Pittwater Life October 2017 Issue


Bill & Alfred. Election Deep Dive. Secret Men's Business. Eyes in the Sky.

Local chapter

for ‘Blokes

Book Club’

Here’s a ‘novel’ idea – a

men-only book club where

members can meet, share their

thoughts on crime literature

and broaden their friendship


And before anyone cries “discrimination!”,

consider it comes

with the blessing of partners

who are only too happy for their

gents to participate.

The all-new ‘Blokes Book

Club’, which meets for 90

minutes at Beachside Bookshop

at Avalon the first Monday of

every month, is chaired by store

co-owner Michael Armstrong.

Michael said the idea for the

club, which numbers up to

eight participants per session,

came after a few male customers

commented that their wives

were in a book club “… and

wouldn’t it be good to have a

club where blokes could chat

about books”.

“The advantage of a club is

that it forces the members to

read authors and topics they

may not normally choose to

themselves,” said Michael.

“Given the shop’s focus on

promoting Australian authors,

we are introducing members to

their favourite crime genre.”

Michael said proceedings

were very relaxed and that the

group discussion was stimulating.

“We start with a beer and

chat about overall impressions,”

he said. “Although discussion

is informal, we do follow an

overall framework to make sure

we cover off all aspects of the

book including structure, plot,

characters etc. We typically end

with whether we would recommend

this book, and to who.

“Now we are three books

along, we also compare the stories,

their plots, and characters

from the earlier authors.”

To date the group have chewed

over ‘Crimson Lake’ by Candice

Fox; ‘The Girl on Kellers Way’ by

Megan Goldin; and ‘The Twentieth

Man’ by Tony Jones. Their

current book, which will be

dissected in early October, is

‘The Rules of Backyard Cricket’

by Jock Serong.

Michael said members came

with their own experiences and

perspectives on life and this

fostered a good discussion and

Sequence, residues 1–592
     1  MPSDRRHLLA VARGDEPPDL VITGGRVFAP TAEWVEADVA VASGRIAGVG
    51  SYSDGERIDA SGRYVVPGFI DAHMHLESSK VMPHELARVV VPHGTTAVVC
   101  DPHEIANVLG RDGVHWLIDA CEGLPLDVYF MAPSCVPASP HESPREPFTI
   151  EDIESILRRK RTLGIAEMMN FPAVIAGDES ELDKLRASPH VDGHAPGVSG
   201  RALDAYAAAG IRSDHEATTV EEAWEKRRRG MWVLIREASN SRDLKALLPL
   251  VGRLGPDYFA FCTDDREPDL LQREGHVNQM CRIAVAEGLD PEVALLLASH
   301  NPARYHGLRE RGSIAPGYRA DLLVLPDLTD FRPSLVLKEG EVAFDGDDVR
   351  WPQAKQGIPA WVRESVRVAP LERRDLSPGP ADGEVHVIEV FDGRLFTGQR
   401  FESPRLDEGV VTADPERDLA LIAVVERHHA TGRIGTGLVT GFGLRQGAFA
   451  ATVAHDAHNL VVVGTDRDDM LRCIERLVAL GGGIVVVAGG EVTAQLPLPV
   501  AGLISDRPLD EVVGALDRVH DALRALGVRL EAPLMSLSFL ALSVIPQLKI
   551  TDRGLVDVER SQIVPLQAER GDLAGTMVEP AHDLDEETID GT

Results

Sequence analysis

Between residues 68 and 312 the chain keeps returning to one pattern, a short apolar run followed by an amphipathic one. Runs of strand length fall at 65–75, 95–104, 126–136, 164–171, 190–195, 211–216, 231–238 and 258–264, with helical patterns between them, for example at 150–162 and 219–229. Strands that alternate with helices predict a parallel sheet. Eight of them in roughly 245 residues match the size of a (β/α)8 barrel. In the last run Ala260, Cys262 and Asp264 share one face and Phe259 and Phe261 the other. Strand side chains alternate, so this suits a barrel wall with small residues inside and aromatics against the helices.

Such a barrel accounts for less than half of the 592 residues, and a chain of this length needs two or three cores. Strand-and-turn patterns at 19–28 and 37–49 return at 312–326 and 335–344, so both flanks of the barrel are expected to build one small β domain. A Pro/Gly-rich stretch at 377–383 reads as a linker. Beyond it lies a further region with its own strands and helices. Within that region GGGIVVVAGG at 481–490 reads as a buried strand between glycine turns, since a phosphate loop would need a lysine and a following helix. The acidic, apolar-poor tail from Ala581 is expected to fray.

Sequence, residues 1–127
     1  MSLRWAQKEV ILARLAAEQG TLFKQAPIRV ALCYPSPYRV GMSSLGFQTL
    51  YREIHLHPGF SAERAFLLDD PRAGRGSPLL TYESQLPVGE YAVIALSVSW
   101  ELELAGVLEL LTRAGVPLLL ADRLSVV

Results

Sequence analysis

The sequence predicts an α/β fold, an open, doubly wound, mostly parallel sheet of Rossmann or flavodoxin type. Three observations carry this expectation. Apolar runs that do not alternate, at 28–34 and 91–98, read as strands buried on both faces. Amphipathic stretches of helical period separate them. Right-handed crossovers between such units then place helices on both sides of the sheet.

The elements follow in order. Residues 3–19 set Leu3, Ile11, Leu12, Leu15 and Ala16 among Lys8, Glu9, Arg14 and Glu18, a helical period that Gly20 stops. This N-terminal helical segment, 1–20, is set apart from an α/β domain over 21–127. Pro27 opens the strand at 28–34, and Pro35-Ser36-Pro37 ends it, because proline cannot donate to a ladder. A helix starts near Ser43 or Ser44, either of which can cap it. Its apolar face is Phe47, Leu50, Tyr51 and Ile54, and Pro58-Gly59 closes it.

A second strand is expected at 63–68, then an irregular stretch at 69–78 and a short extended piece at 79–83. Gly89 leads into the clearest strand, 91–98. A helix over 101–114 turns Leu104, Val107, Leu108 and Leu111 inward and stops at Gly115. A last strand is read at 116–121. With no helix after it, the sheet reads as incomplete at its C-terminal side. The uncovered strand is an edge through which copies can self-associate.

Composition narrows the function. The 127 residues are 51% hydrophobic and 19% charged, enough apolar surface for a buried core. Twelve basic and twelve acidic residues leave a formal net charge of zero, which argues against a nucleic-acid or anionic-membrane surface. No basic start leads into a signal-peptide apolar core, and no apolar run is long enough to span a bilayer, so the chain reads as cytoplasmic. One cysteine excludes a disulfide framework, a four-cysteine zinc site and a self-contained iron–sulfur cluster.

the chance to learn.

“For example, Tony Jones’

book covered events in the early

1970s and it was great to have

some members describing their

own experiences of the era and

Not secret men’s business: Michael Armstrong (rear) with Blokes Book Club

members Andrew Blake, Ian Hallett, Geoff Payne, Ray Drury and Peter Peine.

how accurately the author captured

the feeling of the time.

“Personally I have found the

benefit of being involved in the

club is the discipline of having

to read a specific book a month,

widening my horizons and generally

being a more interesting

person to talk to!”

Local Geoff Payne said he

joined because it was just for


“My wife goes to two groups

in the area and there are no

males in either group,” he said.

“A male group with a narrow

focus on crime thrillers seemed

a good way of getting involved.”

He said he is enjoying the

informal catch-ups which involve

a general introduction by

Michael followed by overview

comments by most members.

“It is good to meet with

a male group of locals. It’s

not high-brow… it’s a pretty

spontaneous discussion of

impressions and summary of

the book’s strengths and weaknesses,”

Geoff added.

“The group session offers

some social contact and

the discussion is reasonably

lively – the group has a wide age

range… mid-40s to mid-70s.

“I’ve found people are serious

about the responsibility to read

the book, form a personal view

and be active in contributing.

“I find the differing views

stimulating and it has forced

me to look closer at how I am

influenced to form an opinion.”

Fellow member Peter Peine

said he looked forward to the

meetings of “like-minded men

with common interests”.

“It’s easy to make acquaintances,

an entertaining evening

and a great way to widen your

social network and meet people

from your neighbourhood.”

Want to know more? Call

Beachside Bookshop on 9918


– Nigel Wall


The Local Voice Since 1991

OCTOBER 2017 13

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